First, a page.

The question one needs to ask at the start of planning any Camino trip is ‘why’? Your motivation can dictate the route you take. There are literally dozens of Camino trails around Spain and neighbouring Portugal that all feed to Santiago, but it is only the peregrinos (pilgrims) who walk at least the last 100km (traditionally along the Francés from the town of Sarria to Santiago) that receive the Compostela, the official certification of pilgrimage. So, the decision as to whether you want the certificate (for religious reasons or not), as well as the amount of time you have (be it a week, two weeks, or longer) should be considered when deciding if you’re going to go whole hog, or as a lot of people do, choose to walk the Camino in stages.
Keep in mind also that 2021 is a “Jubilee” year, when July 25 (the Feast of Saint James) falls on a Sunday, meaning more significance for people with religious inclinations to complete a pilgrimage and therefore more walkers than usual – although Covid-19 may pose some challenges to work around and might keep the normal number of walkers away.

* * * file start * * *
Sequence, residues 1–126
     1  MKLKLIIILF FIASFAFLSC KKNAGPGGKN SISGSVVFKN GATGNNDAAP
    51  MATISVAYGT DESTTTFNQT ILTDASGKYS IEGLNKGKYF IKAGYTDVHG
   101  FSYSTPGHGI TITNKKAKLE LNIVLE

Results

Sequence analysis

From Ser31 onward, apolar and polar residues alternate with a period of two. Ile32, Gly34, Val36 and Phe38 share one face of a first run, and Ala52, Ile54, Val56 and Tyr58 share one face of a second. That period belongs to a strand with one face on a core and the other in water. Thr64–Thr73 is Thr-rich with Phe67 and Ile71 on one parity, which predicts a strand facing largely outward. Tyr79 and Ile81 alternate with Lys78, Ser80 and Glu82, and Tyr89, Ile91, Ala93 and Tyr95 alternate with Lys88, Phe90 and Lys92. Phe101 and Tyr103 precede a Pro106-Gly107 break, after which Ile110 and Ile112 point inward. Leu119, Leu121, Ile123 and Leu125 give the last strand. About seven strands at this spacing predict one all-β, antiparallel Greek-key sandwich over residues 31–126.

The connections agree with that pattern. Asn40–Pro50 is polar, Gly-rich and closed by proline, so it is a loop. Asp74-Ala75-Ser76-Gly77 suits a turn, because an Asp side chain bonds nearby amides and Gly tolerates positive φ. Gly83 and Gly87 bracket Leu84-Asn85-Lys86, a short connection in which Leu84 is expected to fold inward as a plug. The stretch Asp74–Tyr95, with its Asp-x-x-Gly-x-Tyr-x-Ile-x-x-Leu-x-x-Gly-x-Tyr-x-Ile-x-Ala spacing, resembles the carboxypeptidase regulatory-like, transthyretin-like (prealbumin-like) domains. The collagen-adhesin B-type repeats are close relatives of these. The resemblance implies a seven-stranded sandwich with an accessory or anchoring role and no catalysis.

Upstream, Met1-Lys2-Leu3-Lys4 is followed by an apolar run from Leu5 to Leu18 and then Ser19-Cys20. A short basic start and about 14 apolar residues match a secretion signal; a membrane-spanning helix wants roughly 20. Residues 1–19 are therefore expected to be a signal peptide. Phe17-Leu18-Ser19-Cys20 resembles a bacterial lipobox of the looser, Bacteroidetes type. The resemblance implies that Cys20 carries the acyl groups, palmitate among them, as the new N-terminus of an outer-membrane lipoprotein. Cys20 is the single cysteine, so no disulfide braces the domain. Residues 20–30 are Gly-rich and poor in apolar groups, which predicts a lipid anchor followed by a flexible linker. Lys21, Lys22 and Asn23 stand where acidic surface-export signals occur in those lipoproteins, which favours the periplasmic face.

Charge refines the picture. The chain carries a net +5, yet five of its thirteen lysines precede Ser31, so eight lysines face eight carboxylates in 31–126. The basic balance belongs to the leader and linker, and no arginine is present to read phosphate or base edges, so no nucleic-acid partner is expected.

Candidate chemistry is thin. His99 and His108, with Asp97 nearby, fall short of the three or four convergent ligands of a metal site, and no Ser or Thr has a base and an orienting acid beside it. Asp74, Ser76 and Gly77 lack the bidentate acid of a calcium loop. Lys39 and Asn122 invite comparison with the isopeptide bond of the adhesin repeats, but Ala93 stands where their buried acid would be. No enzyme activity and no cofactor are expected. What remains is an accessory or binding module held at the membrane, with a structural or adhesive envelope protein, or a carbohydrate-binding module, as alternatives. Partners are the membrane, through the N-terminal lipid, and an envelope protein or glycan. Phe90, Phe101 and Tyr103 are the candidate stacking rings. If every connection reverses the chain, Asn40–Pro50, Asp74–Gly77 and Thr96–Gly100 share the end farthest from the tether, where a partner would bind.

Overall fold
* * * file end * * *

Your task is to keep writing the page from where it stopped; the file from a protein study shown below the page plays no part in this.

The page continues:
To give you a taster, I’ve put together some photos from recent past Camino trips, criss-crossing the four provinces that make up the Norte and part of the Francés.
Walking the uninterrupted road, taking in fresh air, seeing a country and the countryside the slow way… this is my preferred choice for healing the wounds of this watershed year. Who else is with me?
Sebastian is breaking in his hiking boots, whittling his walking staff, consulting maps and cooking up plans to head back to the Camino de Santiago as soon as it is safe to do so. Get in touch, to talk about Camino lore and what might make the best Camino for you and when to go.